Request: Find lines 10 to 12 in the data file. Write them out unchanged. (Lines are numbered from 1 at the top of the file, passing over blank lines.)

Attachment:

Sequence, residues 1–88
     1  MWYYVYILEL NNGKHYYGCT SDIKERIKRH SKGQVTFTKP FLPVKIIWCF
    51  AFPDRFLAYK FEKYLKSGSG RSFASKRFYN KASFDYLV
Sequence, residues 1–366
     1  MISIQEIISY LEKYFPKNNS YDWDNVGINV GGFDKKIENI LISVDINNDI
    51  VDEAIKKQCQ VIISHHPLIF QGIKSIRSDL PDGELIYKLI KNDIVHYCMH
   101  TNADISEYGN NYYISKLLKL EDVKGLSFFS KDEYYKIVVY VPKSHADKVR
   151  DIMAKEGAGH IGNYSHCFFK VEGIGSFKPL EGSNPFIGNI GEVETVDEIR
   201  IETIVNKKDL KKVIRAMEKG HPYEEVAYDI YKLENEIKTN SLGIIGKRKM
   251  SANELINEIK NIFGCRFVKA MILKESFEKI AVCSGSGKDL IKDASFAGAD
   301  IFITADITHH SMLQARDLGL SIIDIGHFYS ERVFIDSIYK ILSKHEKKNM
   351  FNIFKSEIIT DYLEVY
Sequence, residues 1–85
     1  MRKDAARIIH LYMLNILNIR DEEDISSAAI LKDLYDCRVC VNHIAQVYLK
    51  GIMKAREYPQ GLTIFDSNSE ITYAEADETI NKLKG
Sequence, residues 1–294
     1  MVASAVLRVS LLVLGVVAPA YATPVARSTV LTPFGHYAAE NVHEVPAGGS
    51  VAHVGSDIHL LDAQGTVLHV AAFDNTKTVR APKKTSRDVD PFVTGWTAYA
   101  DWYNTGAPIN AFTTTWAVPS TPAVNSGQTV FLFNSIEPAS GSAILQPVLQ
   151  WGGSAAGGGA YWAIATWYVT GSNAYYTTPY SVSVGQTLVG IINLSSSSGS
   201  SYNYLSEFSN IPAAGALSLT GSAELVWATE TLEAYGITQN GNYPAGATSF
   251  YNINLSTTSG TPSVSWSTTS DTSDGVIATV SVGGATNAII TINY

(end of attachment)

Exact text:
   251  SANELINEIK NIFGCRFVKA MILKESFEKI AVCSGSGKDL IKDASFAGAD
   301  IFITADITHH SMLQARDLGL SIIDIGHFYS ERVFIDSIYK ILSKHEKKNM
   351  FNIFKSEIIT DYLEVY